and she was also to take care of the mother of said Samuel. Defendant paid Le

means of a conveyance from the plaintiff after a performance or offer of perform

ing her life, and Samuel never called on her for the instalments of $50, and she is and was ready to pay the same.

vi the $300, took care of the mother dur-ance of what remained to be done by her. Judgment for defendant on the verdict. Opinion by Gilbert, J.

Samuel never gave Samantha a deed, but she has been in possession ever since under the agreement.

Samantha in her answer asks affirmative relief that plaintiff convey said premises to her

There was judgment for defendant.

On the trial the Court allowed the husband of Samantha to testify as to the declarations of Samuel and Levi Benedict in reference to the title of and agreement with Samantha made in his presence.

The Court ordered the case and exceptions to be heard in the first instance at the General Term.

H. C. Miner, for respt.
L. O. Aikin, for applt.

Held, That a Judge at Circuit has no power to order a whole case to be heard in

the first instance at General Term; only the exceptions could be ordered so heard, and the verdict of the jury must be held conclusive as to facts.

That the evidence of the husband of

Samantha and a co defendant as to decla

rations of Samuel and Levi Benedict made in his presence, in which he took no part as to the agreement between his wife and Samuel, &c., was competent. Such a transaction is not a personal one between the witness and deceased.

That the parol promise of Samuel was supported by a sufficient consideration.

The defendant actually took possession under it and has occupied ever since, and paid taxes and made valuable improvements, &c., &c. They also paid the $300 to Levi and supported the mother, and

Samuel never called on defendants for the $50 payments. There was, in any event, a part performance, and that entitled defenuant to a specific performance of it, by




Lyon, respt, v. Wilcox et al., applts.
Decided January 25, 1876.

Under Chap. 322 of Laws, 1874, limiting appeals, whether or not the subject matter in controversy exceeds $500, must be determined by the complaint and testimony, and not by the judgment alone. This action was brought to recover $1,000 for work, labor and services performed for the defendants. The referee dismissed the complaint, and directed judgment for the defendants for costs. On appeal to the General Term the judgment was reversed and a new trial orderPlaintiff moved to dismiss the appeal on ed. Defendants appealed to this Court. the ground that the judgment was under


Held, That the subject matter in controversy, as it appeared from the complaint, testimony and findings, was over $500, and that this was the test applied by the amendment to the code limiting appeals. (Chap. 322 Laws of 1874.

Motion denied.
Mem. by Folger, J.



N. Y. COURT OF APPEALS. Moess, applt. v. Gleason et al., respts. Decided February 15, 1875.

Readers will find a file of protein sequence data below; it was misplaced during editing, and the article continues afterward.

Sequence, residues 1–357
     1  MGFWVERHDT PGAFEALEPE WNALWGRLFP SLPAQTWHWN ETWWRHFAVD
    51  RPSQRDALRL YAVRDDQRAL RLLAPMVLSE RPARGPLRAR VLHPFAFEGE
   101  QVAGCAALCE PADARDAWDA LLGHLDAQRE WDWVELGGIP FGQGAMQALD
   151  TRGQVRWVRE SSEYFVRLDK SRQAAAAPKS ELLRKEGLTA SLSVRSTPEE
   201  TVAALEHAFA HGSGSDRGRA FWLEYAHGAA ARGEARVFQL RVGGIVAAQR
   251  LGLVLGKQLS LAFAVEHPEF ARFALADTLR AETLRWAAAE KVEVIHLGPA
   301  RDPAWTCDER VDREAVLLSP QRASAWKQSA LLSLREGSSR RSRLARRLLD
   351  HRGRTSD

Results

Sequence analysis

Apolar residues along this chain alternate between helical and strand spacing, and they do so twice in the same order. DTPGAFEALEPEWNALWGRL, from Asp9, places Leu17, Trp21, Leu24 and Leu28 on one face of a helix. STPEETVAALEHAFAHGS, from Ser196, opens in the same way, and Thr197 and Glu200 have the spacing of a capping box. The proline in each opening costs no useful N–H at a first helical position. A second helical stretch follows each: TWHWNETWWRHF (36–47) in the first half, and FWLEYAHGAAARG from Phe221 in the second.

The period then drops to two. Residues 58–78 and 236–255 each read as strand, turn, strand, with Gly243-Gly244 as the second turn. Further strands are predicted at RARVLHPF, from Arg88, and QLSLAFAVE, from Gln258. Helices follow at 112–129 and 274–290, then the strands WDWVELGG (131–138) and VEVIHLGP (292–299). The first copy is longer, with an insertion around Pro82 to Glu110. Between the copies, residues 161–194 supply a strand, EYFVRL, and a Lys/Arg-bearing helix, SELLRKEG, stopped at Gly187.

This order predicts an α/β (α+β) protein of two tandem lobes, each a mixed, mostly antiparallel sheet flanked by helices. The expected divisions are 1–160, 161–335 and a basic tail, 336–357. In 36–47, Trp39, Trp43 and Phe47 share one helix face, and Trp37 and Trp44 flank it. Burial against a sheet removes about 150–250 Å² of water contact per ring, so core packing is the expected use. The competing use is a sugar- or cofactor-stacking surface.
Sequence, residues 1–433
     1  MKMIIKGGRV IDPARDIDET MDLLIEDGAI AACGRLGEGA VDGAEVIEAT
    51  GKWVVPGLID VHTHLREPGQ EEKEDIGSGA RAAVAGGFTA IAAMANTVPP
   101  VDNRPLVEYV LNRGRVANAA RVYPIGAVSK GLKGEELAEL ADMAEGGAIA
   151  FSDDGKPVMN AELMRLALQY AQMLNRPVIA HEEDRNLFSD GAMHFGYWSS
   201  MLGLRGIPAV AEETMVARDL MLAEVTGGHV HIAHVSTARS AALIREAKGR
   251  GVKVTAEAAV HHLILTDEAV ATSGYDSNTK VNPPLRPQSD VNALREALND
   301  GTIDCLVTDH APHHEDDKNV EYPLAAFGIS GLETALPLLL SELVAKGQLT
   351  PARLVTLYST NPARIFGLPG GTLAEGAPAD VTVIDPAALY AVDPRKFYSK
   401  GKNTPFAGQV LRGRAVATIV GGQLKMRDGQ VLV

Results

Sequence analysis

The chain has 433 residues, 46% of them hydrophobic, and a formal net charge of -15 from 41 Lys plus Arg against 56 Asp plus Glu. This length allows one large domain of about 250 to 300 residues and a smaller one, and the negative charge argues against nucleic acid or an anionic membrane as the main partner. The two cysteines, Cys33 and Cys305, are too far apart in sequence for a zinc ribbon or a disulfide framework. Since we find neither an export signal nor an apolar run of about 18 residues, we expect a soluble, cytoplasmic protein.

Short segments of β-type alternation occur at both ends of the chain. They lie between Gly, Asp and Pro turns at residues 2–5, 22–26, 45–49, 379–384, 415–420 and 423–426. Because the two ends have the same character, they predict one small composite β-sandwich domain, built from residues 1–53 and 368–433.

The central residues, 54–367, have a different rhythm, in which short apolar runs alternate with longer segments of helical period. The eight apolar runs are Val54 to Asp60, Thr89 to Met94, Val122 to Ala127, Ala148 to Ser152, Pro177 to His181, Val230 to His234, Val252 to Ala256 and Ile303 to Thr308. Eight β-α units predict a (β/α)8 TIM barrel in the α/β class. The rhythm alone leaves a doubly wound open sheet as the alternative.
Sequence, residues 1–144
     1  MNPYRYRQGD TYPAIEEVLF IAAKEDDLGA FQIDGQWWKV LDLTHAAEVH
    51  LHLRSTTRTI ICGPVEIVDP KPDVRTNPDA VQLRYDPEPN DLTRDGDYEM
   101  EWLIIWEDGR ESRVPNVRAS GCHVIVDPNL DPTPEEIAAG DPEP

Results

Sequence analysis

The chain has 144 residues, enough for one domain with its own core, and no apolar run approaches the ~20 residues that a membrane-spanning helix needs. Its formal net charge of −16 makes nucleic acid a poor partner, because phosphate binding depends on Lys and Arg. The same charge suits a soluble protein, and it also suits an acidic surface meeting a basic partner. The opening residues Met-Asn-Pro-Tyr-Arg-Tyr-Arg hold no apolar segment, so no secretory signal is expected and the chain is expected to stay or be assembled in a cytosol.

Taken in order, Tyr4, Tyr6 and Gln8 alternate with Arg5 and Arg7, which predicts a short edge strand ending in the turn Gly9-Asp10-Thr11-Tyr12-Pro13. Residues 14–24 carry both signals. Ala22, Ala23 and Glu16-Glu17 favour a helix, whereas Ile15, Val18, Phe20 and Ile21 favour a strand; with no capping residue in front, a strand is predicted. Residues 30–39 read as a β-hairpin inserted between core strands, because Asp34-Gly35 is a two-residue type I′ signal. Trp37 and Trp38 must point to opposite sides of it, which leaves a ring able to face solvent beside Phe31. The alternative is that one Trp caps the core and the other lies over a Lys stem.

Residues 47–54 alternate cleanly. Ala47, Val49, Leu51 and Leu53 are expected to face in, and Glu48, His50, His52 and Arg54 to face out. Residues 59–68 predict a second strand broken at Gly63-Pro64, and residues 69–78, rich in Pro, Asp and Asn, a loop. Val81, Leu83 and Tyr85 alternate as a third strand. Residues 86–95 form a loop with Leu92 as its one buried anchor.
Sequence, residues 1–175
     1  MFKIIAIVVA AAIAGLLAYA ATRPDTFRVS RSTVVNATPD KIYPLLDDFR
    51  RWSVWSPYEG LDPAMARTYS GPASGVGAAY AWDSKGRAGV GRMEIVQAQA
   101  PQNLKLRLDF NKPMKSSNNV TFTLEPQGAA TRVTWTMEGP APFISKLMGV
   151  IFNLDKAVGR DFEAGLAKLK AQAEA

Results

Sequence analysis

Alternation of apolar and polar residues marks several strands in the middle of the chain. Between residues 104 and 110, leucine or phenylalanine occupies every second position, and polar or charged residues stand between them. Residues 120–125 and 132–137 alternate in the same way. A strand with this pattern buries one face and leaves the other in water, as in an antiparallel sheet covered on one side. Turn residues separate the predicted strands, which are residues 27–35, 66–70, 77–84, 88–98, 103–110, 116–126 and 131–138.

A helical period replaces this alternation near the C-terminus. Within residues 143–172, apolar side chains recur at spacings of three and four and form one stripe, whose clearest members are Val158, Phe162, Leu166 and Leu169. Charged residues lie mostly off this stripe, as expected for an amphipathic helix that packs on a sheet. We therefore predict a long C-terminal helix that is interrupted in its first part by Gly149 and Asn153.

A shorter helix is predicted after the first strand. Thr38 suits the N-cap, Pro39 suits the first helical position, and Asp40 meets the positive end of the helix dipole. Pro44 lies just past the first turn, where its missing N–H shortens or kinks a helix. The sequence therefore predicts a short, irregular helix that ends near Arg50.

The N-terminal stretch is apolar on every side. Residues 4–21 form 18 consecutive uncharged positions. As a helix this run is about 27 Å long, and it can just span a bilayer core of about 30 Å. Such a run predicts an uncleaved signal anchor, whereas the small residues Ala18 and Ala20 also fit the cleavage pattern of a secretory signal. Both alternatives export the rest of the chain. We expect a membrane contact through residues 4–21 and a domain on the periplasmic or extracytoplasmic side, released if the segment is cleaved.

Where one of several partners withdraws from the firm, under an agreement that the remaining partners and another shall pay all the debts, the retiring partner becomes, as be

tween himself and former partners, a surety.

And where he procures a past due outstanding note of the old firm, to be transferred to one ofhis former partners, who transfers it to a third party, he is not liable thereon until the holder exhausts all his remedies against the partnership assets.

Amasa J Parker, for applt.
J. I. Werner, for respt.

Held, That by the transfer to B. the old firm was dissolved and a new partnership created, which held the firm property charged with a trust for the payment of its debts, including the note in suit; and G. thereafter, as between himself and his former partners, occupied the position of surety. 52 N. Y, 146; 32 id., 501; Story on Part., secs. 97 360; 3 Kent's Com.,

65; 17 J. R. 525.

between the parties, and did not acquire a right of action against G. thereon.

This action was brought upon a promissory note given by the firm of M. R. & Co. against the persons who were members of that firm when the note was given. Subsequently defendant G. (who alone defended), with the consent and approval of his co-partners, sold out his interest in the concern to one B., who assumed his liabilities. At that time the personal effects of the firm were more than sufficient to pay its debts. The note in suit, which was past due, was then outstanding and in the hands of a third par-determine a claim against the estate of ty. G. procured a transfer thereof to defendant M. in payment of an individual debt from G. to M., and M. transferred it to plaintiff.

This is a reference under the statute to

one H., deceased.

When, therefore, G. procured the transfer of the note to M., the latter eo instanti acquired a right to a credit as between him and his partners for the amount o the note; that he was not entitled to any relief as against G., at least until after exhausting all the partnership assets, he could have shown a deficiency, and that plaintiff having acquired the note after maturity, took it subject to all equities

Judgment of General Term, affirming judgment for defendants, affirmed. Opinion by Allen, J.


Hawkins, applt. v. Mosher, et al, respts.
Decided January, 1876.

There need not be a total failure of
consideration in order to entitle a
party to recover for money had and
received on breach of a contract.
A referee under the provisions of the

2 R. S., 39, $36-7, cannot award
costs against an unsuccessful claim-